The present study was carried out within the framework of the major research consortium ENGAGE, which brings together more than 35 studies and more than 130 co-authors. The study was coordinated by Erik Ingelsson's research group in collaboration with the Karolinska Institutet and Oxford University.

The study was funded by, among others, the European Union's Seventh Framework Programme (ENGAGE), the Swedish Research Council, the Swedish Foundation for Strategic Research, and the Swedish Heart-Lung Foundation.


Story Source:

Materials provided by Uppsala Universitet. Note: Content may be edited for style and length.


Journal Reference:

  1. Tove Fall, Sara Hägg, Reedik Mägi, Alexander Ploner, Krista Fischer, Momoko Horikoshi, Antti-Pekka Sarin, Gudmar Thorleifsson, Claes Ladenvall, Mart Kals, Maris Kuningas, Harmen H. M. Draisma, Janina S. Ried, Natalie R. van Zuydam, Ville Huikari, Massimo Mangino, Emily Sonestedt, Beben Benyamin, Christopher P. Nelson, Natalia V. Rivera, Kati Kristiansson, Huei-yi Shen, Aki S. Havulinna, Abbas Dehghan, Louise A. Donnelly, Marika Kaakinen, Marja-Liisa Nuotio, Neil Robertson, Renée F. A. G. de Bruijn, M. Arfan Ikram, Najaf Amin, Anthony J. Balmforth, Peter S. Braund, Alexander S. F. Doney, Angela Döring, Paul Elliott, Tõnu Esko, Oscar H. Franco, Solveig Gretarsdottir, Anna-Liisa Hartikainen, Kauko Heikkilä, Karl-Heinz Herzig, Hilma Holm, Jouke Jan Hottenga, Elina Hyppönen, Thomas Illig, Aaron Isaacs, Bo Isomaa, Lennart C. Karssen, Johannes Kettunen, Wolfgang Koenig, Kari Kuulasmaa, Tiina Laatikainen, Jaana Laitinen, Cecilia Lindgren, Valeriya Lyssenko, Esa Läärä, Nigel W. Rayner, Satu Männistö, Anneli Pouta, Wolfgang Rathmann, Fernando Rivadeneira, Aimo Ruokonen, Markku J. Savolainen, Eric J. G. Sijbrands, Kerrin S. Small, Jan H. Smit, Valgerdur Steinthorsdottir, Ann-Christine Syvänen, Anja Taanila, Martin D. Tobin, Andre G. Uitterlinden, Sara M. Willems, Gonneke Willemsen, Jacqueline Witteman, Markus Perola, Alun Evans, Jean Ferrières, Jarmo Virtamo, Frank Kee, David-Alexandre Tregouet, Dominique Arveiler, Philippe Amouyel, Marco M. Ferrario, Paolo Brambilla, Alistair S. Hall, Andrew C. Heath, Pamela A. F. Madden, Nicholas G. Martin, Grant W. Montgomery, John B. Whitfield, Antti Jula, Paul Knekt, Ben Oostra, Cornelia M. van Duijn, Brenda W. J. H. Penninx, George Davey Smith, Jaakko Kaprio, Nilesh J. Samani, Christian Gieger, Annette Peters, H.-Erich Wichmann, Dorret I. Boomsma, Eco J. C. de Geus, TiinaMaija Tuomi, Chris Power, Christopher J. Hammond, Tim D. Spector, Lars Lind, Marju Orho-Melander, Colin Neil Alexander Palmer, Andrew D. Morris, Leif Groop, Marjo-Riitta Järvelin, Veikko Salomaa, Erkki Vartiainen, Albert Hofman, Samuli Ripatti, Andres Metspalu, Unnur Thorsteinsdottir, Kari Stefansson, Nancy L. Pedersen, Mark I. McCarthy, Erik Ingelsson, Inga Prokopenko. The Role of Adiposity in Cardiometabolic Traits: A Mendelian Randomization Analysis. PLoS Medicine, 2013; 10 (6): e1001474 DOI: 10.1371/journal.pmed.1001474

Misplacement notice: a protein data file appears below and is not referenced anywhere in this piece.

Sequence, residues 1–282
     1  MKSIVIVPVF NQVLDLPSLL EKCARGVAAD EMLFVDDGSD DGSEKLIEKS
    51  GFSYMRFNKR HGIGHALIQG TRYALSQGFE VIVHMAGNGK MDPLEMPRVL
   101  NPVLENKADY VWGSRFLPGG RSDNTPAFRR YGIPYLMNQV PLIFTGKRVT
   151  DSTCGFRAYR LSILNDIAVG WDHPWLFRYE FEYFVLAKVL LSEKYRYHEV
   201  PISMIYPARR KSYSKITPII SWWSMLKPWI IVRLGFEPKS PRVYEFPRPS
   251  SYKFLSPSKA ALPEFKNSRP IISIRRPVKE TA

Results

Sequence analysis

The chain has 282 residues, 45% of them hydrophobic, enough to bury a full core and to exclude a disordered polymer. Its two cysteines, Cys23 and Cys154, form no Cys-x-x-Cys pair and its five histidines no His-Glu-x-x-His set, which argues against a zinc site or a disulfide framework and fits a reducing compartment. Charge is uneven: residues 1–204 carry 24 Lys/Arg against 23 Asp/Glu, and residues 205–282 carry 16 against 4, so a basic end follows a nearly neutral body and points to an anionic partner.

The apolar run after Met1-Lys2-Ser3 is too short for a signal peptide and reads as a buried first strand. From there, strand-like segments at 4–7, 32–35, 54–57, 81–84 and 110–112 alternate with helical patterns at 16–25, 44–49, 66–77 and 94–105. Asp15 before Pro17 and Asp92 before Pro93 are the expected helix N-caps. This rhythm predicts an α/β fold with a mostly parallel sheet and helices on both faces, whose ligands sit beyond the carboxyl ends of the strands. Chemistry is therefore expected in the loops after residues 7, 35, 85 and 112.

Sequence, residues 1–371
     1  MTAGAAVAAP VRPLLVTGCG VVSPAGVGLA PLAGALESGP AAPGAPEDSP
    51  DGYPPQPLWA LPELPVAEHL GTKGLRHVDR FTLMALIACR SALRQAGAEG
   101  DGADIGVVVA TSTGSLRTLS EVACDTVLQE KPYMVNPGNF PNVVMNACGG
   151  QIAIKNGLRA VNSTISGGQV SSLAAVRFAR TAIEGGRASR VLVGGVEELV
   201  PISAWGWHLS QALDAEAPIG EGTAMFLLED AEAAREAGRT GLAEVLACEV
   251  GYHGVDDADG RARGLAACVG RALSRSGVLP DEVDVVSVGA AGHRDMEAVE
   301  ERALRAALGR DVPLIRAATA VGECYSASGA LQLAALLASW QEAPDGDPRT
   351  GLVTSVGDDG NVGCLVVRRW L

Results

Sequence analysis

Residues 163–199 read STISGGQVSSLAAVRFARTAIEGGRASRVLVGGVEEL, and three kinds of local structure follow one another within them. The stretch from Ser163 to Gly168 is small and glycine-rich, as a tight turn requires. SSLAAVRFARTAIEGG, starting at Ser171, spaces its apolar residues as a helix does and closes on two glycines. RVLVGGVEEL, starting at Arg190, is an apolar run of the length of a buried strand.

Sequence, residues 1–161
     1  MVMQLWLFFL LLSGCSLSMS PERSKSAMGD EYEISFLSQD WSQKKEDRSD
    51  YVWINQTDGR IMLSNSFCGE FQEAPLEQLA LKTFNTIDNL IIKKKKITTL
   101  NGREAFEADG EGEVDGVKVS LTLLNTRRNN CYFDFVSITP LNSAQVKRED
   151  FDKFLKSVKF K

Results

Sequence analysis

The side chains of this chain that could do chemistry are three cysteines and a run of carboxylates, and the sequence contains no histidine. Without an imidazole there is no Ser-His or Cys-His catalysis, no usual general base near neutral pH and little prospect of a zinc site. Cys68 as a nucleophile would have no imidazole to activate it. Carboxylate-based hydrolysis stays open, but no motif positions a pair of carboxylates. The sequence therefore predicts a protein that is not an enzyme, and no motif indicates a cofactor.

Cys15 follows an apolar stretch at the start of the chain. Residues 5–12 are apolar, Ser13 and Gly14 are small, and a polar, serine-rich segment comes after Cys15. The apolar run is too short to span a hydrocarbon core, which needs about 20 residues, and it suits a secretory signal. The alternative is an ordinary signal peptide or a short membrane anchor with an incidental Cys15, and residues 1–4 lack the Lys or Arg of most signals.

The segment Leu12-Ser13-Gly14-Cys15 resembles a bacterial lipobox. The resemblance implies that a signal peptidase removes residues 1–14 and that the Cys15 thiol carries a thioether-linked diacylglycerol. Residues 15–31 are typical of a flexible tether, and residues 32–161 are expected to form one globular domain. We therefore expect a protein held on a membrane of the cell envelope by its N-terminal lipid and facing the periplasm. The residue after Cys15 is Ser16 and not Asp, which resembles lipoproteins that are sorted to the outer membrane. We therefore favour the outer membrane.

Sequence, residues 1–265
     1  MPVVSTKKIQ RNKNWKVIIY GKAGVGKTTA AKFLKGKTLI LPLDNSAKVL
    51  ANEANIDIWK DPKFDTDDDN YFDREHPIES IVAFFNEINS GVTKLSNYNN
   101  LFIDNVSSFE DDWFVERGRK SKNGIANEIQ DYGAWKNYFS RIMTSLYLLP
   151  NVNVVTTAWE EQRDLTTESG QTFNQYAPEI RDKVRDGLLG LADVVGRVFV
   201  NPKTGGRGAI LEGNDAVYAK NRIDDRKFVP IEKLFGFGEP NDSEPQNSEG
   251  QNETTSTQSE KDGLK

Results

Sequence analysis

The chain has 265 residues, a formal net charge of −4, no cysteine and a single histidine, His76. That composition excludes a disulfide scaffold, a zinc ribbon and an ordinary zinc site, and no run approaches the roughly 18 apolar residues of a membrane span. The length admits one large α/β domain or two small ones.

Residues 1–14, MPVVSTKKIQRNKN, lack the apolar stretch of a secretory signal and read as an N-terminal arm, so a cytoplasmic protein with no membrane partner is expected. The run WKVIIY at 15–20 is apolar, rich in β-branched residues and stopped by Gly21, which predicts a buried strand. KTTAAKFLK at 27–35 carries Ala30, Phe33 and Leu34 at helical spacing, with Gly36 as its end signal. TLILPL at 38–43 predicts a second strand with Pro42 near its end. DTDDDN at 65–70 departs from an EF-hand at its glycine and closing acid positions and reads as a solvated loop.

Cite This Page:

Uppsala Universitet. "Overweight causes heart failure: Large study with new method clarifies the association." ScienceDaily. ScienceDaily, 25 June 2013. <www.sciencedaily.com/releases/2013/06/130625172248.htm>.
Uppsala Universitet. (2013, June 25). Overweight causes heart failure: Large study with new method clarifies the association. ScienceDaily. Retrieved March 24, 2017 from www.sciencedaily.com/releases/2013/06/130625172248.htm
Uppsala Universitet. "Overweight causes heart failure: Large study with new method clarifies the association." ScienceDaily. www.sciencedaily.com/releases/2013/06/130625172248.htm (accessed March 24, 2017).